Liberal activists plan ballot measure if gay marriage ban upheld

Proposition 8 plaintiffs Jeffrey Zarrillo, left, and Paul Katami arrive at the Supreme Court on Thursday.
(Win McNamee / Getty Images)

SAN JOSE — Liberal activists pledged Thursday to put a measure on the ballot to overturn California’s gay marriage ban if the Supreme Court does not throw out Proposition 8 in a decision expected next week.

“If we lose, we’re going to fight like hell to make sure we return marriage equality in California in 2014,” said Adam Bink, director of online programs for the Courage Campaign.

Bink made the remarks while speaking at California’s caucus meeting on the opening day of Netroots Nation, an annual gathering of thousands of liberal activists and bloggers taking place here through Saturday.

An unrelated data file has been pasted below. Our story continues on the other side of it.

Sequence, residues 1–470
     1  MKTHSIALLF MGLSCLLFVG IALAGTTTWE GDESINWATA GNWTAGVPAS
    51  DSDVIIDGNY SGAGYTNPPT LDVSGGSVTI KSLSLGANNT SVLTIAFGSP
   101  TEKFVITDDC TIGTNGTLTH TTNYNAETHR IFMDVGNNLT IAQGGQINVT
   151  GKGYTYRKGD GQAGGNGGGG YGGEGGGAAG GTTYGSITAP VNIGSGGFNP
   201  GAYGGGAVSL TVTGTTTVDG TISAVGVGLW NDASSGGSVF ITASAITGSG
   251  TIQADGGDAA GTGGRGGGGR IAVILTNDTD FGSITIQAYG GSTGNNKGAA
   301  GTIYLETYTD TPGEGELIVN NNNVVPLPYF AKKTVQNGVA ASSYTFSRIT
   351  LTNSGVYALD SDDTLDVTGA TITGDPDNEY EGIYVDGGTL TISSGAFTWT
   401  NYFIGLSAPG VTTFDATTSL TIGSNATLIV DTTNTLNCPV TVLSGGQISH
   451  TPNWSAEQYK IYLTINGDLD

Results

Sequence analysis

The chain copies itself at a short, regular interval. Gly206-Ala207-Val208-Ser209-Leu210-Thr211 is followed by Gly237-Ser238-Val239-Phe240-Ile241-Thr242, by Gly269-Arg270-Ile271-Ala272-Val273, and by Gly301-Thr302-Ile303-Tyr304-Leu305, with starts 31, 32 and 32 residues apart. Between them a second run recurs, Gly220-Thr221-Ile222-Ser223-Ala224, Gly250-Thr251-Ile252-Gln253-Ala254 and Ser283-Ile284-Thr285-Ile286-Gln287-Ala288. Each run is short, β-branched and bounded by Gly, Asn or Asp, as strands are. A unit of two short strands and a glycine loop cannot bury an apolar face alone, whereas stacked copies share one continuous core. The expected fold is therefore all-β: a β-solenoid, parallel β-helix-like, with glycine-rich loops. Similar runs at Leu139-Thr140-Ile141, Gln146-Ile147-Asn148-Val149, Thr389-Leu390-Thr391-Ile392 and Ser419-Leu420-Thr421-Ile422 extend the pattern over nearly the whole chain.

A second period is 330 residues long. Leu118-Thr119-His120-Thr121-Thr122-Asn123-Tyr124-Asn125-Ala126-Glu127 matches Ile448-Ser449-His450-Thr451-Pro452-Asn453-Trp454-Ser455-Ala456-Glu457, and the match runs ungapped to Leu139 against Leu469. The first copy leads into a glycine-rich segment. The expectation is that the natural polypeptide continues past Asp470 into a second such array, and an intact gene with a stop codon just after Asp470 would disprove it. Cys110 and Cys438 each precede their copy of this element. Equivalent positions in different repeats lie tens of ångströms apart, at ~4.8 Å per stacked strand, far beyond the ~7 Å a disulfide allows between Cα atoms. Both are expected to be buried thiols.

Bink said that if the Supreme Court overturns the 2008 voter-approved ballot measure that defined marriage as between one man and one woman, same-sex couples should be able to wed within a month. But if the court upholds the measure, Bink said, activists would immediately begin working on a measure for the 2014 ballot.


Learning lessons from 2008, Bink said, backers of gay marriage would work hard to create a coalition that includes labor, faith and minority communities, to insure the measure was not viewed as only about gay people.

Other policy priorities highlighted at the meeting included overhauling Prop. 13, which limits increases to property taxes; stopping the controversial oil and gas drilling technique known as fracking; unionizing workers in the medical marijuana industry; increasing the minimum wage; and increasing transparency about campaign contributions.

During the caucus meeting, activist Sandra Fluke received sustained applause as she pushed for a bill that would give domestic workers the same rights to overtime, breaks and other benefits received by most other workers.